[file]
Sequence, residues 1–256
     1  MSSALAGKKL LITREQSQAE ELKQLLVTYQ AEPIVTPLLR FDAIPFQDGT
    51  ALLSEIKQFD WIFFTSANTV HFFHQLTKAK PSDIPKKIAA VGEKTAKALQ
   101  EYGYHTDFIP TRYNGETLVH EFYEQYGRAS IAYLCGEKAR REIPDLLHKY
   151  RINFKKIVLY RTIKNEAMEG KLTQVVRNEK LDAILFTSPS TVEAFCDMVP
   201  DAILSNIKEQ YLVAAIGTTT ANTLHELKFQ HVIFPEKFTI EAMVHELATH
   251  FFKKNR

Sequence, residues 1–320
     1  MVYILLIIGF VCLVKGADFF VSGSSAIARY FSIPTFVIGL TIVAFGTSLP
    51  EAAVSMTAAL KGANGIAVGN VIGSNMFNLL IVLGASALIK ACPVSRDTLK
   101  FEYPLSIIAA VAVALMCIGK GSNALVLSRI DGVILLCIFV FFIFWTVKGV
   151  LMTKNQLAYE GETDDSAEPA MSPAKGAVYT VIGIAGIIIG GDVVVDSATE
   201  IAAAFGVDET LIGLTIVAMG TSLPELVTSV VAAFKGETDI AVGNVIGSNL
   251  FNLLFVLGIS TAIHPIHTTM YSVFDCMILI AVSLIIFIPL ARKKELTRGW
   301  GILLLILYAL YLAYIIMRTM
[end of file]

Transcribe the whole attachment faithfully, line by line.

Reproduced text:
Sequence, residues 1–256
     1  MSSALAGKKL LITREQSQAE ELKQLLVTYQ AEPIVTPLLR FDAIPFQDGT
    51  ALLSEIKQFD WIFFTSANTV HFFHQLTKAK PSDIPKKIAA VGEKTAKALQ
   101  EYGYHTDFIP TRYNGETLVH EFYEQYGRAS IAYLCGEKAR REIPDLLHKY
   151  RINFKKIVLY RTIKNEAMEG KLTQVVRNEK LDAILFTSPS TVEAFCDMVP
   201  DAILSNIKEQ YLVAAIGTTT ANTLHELKFQ HVIFPEKFTI EAMVHELATH
   251  FFKKNR

Sequence, residues 1–320
     1  MVYILLIIGF VCLVKGADFF VSGSSAIARY FSIPTFVIGL TIVAFGTSLP
    51  EAAVSMTAAL KGANGIAVGN VIGSNMFNLL IVLGASALIK ACPVSRDTLK
   101  FEYPLSIIAA VAVALMCIGK GSNALVLSRI DGVILLCIFV FFIFWTVKGV
   151  LMTKNQLAYE GETDDSAEPA MSPAKGAVYT VIGIAGIIIG GDVVVDSATE
   201  IAAAFGVDET LIGLTIVAMG TSLPELVTSV VAAFKGETDI AVGNVIGSNL
   251  FNLLFVLGIS TAIHPIHTTM YSVFDCMILI AVSLIIFIPL ARKKELTRGW
   301  GILLLILYAL YLAYIIMRTM